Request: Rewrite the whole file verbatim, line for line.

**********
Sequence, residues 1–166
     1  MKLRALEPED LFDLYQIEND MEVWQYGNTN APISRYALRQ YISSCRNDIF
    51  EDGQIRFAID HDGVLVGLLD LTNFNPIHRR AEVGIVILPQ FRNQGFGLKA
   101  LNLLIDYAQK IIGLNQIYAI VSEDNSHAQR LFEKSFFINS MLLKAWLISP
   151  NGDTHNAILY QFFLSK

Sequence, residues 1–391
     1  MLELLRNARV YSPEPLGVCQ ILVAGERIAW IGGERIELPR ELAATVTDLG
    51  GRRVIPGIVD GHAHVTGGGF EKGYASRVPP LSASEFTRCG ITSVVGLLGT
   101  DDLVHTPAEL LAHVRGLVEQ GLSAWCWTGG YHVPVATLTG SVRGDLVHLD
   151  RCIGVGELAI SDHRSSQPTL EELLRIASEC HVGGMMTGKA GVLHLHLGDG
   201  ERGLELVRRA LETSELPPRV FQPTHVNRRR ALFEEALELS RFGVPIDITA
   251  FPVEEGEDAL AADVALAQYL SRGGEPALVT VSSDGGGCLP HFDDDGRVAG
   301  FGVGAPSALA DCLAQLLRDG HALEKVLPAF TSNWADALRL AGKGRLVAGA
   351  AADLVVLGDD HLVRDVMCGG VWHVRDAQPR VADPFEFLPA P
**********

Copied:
Sequence, residues 1–166
     1  MKLRALEPED LFDLYQIEND MEVWQYGNTN APISRYALRQ YISSCRNDIF
    51  EDGQIRFAID HDGVLVGLLD LTNFNPIHRR AEVGIVILPQ FRNQGFGLKA
   101  LNLLIDYAQK IIGLNQIYAI VSEDNSHAQR LFEKSFFINS MLLKAWLISP
   151  NGDTHNAILY QFFLSK

Sequence, residues 1–391
     1  MLELLRNARV YSPEPLGVCQ ILVAGERIAW IGGERIELPR ELAATVTDLG
    51  GRRVIPGIVD GHAHVTGGGF EKGYASRVPP LSASEFTRCG ITSVVGLLGT
   101  DDLVHTPAEL LAHVRGLVEQ GLSAWCWTGG YHVPVATLTG SVRGDLVHLD
   151  RCIGVGELAI SDHRSSQPTL EELLRIASEC HVGGMMTGKA GVLHLHLGDG
   201  ERGLELVRRA LETSELPPRV FQPTHVNRRR ALFEEALELS RFGVPIDITA
   251  FPVEEGEDAL AADVALAQYL SRGGEPALVT VSSDGGGCLP HFDDDGRVAG
   301  FGVGAPSALA DCLAQLLRDG HALEKVLPAF TSNWADALRL AGKGRLVAGA
   351  AADLVVLGDD HLVRDVMCGG VWHVRDAQPR VADPFEFLPA P